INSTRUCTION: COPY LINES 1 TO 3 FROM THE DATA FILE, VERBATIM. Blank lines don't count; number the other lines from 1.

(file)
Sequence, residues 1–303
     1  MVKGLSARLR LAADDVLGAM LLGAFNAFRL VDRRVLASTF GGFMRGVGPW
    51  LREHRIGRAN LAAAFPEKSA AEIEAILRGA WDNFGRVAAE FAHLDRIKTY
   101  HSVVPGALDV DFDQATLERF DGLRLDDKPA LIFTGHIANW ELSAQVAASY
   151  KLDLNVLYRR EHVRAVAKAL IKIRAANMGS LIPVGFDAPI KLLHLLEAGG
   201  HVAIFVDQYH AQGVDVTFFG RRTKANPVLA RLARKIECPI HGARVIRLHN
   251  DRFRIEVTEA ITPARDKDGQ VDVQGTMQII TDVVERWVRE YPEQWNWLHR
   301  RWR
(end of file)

Sequence, residues 1–303
     1  MVKGLSARLR LAADDVLGAM LLGAFNAFRL VDRRVLASTF GGFMRGVGPW
    51  LREHRIGRAN LAAAFPEKSA AEIEAILRGA WDNFGRVAAE FAHLDRIKTY